Research at The Posthumanities Hub rests on the assumption that humans are deeply entangled in complicated worlding and wording practices, and that the highly specialized analytical tools of the human sciences need to be recalibrated in order to meet up with worldly and wordy changes. They need to be applied to a wider set of such entangled phenomena, especially to emerging (trans)biologies, science cultures, changing environments and embodied identities that challenge patterns of gender, age, ethnicity/race/nationality, class, kinship and sexuality. This does not imply neither a postfeminist nor a postbiological stance, but on the contrary, a both critical and creative framework for performative (generative) accounts of technoscientific or other naturecultural practices across disciplines and categories.
Instead, we take as our starting point that interdisciplinary approaches – such as those developed within feminist science studies, gender methodology, postcolonial studies, queer theory, technoscience studies, body studies, popular engagements with science as well as in labs, in crip theory, and animal studies – already have changed the scope of the human sciences (humanities and social science). As humans are entangled in intricate relationships with technology and science, with animals and the environment, supremacist theories of the human, along with various humanisms and anthropocentric approaches, have become increasingly difficult to sustain. At the same time, we seem to urgently need an ethics of such worldly and wordy encounters, so to be able to account for the effects, powers and impacts of anthropomorphism, for instance human-induced climate changes. The philosophical and wider cultural meanings and physical matters of “the human condition” (and the various humanisms in circulation with the critiques of their bulldozing moves) are to some extent instructing us in this regard. Everyday life, cultural research, feminist theory and science in action, but also imaginative speculation, biological art and poetry may help us in this endevour.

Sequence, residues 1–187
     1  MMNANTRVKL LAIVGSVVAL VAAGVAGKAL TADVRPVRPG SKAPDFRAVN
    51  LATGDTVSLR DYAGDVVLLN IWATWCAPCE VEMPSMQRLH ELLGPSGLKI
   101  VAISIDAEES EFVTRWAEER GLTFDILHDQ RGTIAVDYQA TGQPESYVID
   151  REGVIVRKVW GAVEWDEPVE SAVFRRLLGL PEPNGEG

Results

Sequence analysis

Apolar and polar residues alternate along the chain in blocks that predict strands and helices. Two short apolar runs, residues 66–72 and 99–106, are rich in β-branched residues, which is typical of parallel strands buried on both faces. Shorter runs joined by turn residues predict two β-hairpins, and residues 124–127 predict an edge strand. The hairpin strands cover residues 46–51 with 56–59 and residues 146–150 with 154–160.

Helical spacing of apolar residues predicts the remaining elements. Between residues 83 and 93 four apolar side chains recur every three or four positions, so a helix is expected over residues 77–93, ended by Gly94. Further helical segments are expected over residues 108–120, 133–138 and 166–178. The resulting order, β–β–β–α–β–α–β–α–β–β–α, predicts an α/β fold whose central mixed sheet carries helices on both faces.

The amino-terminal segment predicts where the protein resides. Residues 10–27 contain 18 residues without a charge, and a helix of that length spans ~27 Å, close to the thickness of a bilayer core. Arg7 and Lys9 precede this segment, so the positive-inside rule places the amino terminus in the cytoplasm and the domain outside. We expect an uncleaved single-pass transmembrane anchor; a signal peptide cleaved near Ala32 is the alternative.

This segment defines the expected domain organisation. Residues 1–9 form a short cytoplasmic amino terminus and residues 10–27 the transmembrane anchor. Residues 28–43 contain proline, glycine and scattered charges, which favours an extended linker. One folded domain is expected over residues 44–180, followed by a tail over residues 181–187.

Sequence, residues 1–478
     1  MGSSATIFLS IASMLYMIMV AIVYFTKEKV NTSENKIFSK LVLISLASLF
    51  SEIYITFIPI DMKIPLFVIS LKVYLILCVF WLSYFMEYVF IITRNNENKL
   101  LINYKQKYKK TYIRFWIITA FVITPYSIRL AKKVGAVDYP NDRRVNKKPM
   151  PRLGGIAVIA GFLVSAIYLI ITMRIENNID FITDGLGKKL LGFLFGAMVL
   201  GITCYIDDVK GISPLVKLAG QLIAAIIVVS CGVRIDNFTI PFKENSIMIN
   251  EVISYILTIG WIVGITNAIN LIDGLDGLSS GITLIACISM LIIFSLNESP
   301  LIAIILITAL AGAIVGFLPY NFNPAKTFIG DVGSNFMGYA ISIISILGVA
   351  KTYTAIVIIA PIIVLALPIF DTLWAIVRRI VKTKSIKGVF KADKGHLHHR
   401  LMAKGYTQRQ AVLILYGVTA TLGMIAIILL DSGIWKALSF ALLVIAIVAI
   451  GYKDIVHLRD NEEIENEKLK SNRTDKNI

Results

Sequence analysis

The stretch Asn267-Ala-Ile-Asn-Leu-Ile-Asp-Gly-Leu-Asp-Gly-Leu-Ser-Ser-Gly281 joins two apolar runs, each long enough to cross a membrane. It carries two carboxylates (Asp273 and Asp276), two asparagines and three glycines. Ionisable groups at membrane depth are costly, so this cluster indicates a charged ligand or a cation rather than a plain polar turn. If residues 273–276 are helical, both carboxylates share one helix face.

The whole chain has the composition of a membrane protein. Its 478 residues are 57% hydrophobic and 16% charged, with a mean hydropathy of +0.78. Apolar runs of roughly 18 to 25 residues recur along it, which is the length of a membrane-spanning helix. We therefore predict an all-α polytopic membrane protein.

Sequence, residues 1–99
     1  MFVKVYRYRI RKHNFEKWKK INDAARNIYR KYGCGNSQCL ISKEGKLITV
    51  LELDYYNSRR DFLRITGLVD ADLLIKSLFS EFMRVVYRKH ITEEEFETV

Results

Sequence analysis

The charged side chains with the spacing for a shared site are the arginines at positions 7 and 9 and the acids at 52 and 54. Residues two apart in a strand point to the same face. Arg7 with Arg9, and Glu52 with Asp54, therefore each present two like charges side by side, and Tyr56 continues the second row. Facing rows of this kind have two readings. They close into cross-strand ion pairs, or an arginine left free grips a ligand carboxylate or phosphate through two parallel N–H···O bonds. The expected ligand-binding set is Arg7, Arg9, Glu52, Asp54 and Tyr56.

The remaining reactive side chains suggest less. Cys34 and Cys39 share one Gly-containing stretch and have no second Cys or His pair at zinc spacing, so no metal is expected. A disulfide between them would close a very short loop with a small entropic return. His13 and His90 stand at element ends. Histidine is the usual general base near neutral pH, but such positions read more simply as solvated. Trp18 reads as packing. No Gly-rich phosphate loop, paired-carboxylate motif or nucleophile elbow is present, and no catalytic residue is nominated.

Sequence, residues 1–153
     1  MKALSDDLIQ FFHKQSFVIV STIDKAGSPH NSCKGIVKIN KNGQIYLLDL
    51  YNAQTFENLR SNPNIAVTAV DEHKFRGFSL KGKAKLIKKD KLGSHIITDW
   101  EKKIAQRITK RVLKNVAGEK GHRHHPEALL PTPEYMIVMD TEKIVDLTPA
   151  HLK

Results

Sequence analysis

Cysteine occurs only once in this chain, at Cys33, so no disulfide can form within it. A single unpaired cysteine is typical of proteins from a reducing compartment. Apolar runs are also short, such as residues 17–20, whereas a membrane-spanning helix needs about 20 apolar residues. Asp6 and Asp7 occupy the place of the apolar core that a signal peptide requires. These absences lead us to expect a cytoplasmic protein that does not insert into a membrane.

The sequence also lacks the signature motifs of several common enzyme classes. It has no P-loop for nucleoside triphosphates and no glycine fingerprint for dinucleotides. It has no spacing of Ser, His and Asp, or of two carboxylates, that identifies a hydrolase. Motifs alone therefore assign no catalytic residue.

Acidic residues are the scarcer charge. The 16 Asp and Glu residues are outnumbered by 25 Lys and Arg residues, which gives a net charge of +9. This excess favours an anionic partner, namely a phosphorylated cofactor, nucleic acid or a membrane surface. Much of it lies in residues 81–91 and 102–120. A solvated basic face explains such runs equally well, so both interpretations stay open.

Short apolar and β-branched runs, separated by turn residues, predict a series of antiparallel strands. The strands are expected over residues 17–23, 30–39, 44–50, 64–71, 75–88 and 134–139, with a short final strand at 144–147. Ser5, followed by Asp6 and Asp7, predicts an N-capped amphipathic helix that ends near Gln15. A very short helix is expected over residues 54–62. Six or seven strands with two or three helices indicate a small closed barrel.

The onto-methodological practices, travelling theories, networked existence and ethos of the Posthumanities Hub – where we bring the trouble “home” – can be strangely recognized in a poem from Ursula Le Guin’s book Always Coming Home:
Please Bring Strange Things
Please bring strange things.
Please come bringing new things.
Let very old things come into your hands.
Let what you do not know come into your eyes.
Let desert sand harden your feet.
Let the arch of your feet be the mountains.
Let the paths of your fingertips be your maps
And the ways you go be the lines of your palms.
Let there be deep snow in your inbreathing
And your outbreath be the shining of ice.
May your mouth contain the shapes of strange words.
May you smell food cooking you have not eaten.
May the spring of a foreign river be your navel.
May your soul be at home where there are no houses.
Walk carefully, well-loved one,
Walk mindfully, well-loved one,
Walk fearlessly, well-loved one.
Return with us, return to us,
Be always coming home.
With The Posthumanities Hub as meeting point, highly interdisciplinary gender research, which systematically addresses the changing relations between the human and the non-human (animal, machine, environment), the natural and the cultural, the popular and the scientific, is thus conducted.
Distinguished Professor, Donna Haraway – also a member of the Scientific Advisory Board of The Posthumanities Hub – provides here an inspiring take on the need for scholars, activists and artists to move beyond humanism, anthropocentrism or what she (and Prof. Anna Tsing) call “human exceptionalism”.